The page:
*For those of you who don’t know, a dybbuk is a ghost in Jewish folklore that’s turned away from Heaven and Hell and possesses living people to interact with the real world. The dybbuk box is a wine cabinet that supposedly has a malevolent dybbuk attached to it, and has been blamed for a number of misfortunes that befell past owners. Currently it’s housed in Zak Bagans’s Haunted Museum, where you have to be 18 or over and sign a waiver to see the box, as it curses anyone near it, including rapper Post Malone.

If you think you’ve heard of this before, that’s because the Dybbuk Box was the inspiration for the horror movie The Possession (which I highly recommend), and dybbuks in general have inspired countless pieces of literature and theater, including a famous play and ballet, and even a certain short story from my college days.

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tqg cover

Three years. How time flies.

On June 17th, 2013, my first book, The Quiet Game: Five Tales To Chill Your Bones, was published on Amazon and Smashwords. The book, a collection of original short stories I wrote while I was working through the editing process of Reborn City, actually did pretty well for itself, with eight paperback copies printed and quite a few e-books downloaded in the first month, which, for a first-time self-published novelist, was actually pretty good. And I had a much smaller reach then than I do now.

Now it’s three years later. A lot has changed since then: I’ve published three more books, I graduated from college, had an internship in Germany, and I’m working for the government again in a position I hope I will work in for several years to come, among other things.

And The Quiet Game still gets some readers every now and then, plus it has the distinction of having the most reviews of any of my books. Most of those reviews, I’m happy to say, have been rather positive. Here are a couple of them:

5 wonderfully crafted tales! I purchased this as an eBook originally and put off reading it for quite a while, I really wish I hadn’t waited. Sometimes when one purchases a collection of short stories you expect some of them to be less entertaining or of lower quality than the others, but none of these disappoint. Well worth the money, especially considering after you read each story the author gives you creative insight into what inspired him to write each tale, which is really wonderful.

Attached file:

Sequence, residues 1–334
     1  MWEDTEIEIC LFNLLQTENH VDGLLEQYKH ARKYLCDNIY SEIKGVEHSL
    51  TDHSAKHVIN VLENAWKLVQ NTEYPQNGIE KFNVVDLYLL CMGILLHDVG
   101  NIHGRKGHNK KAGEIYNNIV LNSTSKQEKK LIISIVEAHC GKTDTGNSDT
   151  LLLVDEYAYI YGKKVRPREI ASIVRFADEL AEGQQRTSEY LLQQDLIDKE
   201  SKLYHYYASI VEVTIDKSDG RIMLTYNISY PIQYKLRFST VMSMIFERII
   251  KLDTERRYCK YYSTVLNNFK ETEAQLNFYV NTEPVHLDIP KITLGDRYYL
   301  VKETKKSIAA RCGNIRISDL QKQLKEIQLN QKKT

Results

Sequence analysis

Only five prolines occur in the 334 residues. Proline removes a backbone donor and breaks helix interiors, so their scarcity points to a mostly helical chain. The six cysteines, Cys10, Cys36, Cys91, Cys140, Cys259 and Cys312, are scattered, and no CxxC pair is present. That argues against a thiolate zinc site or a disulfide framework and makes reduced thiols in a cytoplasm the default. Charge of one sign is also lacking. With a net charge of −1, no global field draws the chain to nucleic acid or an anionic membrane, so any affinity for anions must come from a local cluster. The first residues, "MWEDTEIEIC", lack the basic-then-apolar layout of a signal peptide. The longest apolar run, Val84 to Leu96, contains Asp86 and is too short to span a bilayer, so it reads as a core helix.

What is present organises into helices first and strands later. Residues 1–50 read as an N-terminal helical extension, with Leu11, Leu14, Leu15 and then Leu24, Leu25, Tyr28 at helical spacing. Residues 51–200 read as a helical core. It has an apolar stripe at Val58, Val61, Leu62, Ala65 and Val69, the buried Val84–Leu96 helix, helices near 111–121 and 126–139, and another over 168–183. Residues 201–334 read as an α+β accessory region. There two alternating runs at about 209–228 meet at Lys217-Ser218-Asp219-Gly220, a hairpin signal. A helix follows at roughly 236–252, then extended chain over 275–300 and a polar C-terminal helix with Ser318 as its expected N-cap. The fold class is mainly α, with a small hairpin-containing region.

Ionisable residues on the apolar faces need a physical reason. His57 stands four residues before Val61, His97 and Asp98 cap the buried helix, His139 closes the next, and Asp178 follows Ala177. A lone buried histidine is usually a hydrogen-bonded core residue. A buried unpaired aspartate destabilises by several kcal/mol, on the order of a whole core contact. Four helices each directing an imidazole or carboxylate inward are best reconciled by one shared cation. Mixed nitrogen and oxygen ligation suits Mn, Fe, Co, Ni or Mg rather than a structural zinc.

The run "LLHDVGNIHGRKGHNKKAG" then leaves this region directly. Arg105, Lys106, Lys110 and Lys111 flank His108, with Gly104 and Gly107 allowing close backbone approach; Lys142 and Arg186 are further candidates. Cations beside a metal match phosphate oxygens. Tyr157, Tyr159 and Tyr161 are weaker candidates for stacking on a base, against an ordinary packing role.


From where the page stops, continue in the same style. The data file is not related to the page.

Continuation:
–Jeff D

I liked that each story was unusual. I think that the book was appropriately named. I prefer chilled bones rather than scared out of my whits since I am a bit of a chicken

–ENJ

Imagine if you will a young Stephen King penning dark scenarios inspired by his youth, and what you get is this anthology. Through this collection of short stories, Rami Ungar brings us into the world of dark urges, childhood traumas, ghosts, phantoms, and dark psychological thrillers. An inspired creation, and definitely a good intro to this indie author’s world!

–Matthew Williams, author of Whiskey Delta and Papa Zulu

I always enjoy being called a young Stephen King. It makes me feel like I can someday catch up to him and be regarded as a great horror author like him some day.

So if you’re interested in a quick collection of short stories, and you like them short, sweet, and to the creepy point, perhaps you’ll like The Quiet Game. From ghosts to dybbuks to ogresses and a few other things besides, you’ll have a scary good time. I’ll include the links below, if you’re interested in at least checking out the book.

And if you do end up getting a copy and reading it, I do hope you give me your thoughts, whether in a message, a comment, or a review. Positive or negative, I love feedback from my readers, and I would be happy to hear from you (especially since I become a better writer when I get feedback from folks).

That’s all for now. Got a busy week ahead of me, so I’m going to get to that. Have a great day, my Followers of Fear!

Links: Amazon, Createspace, Barnes & Noble,iBooksSmashwords, and Kobo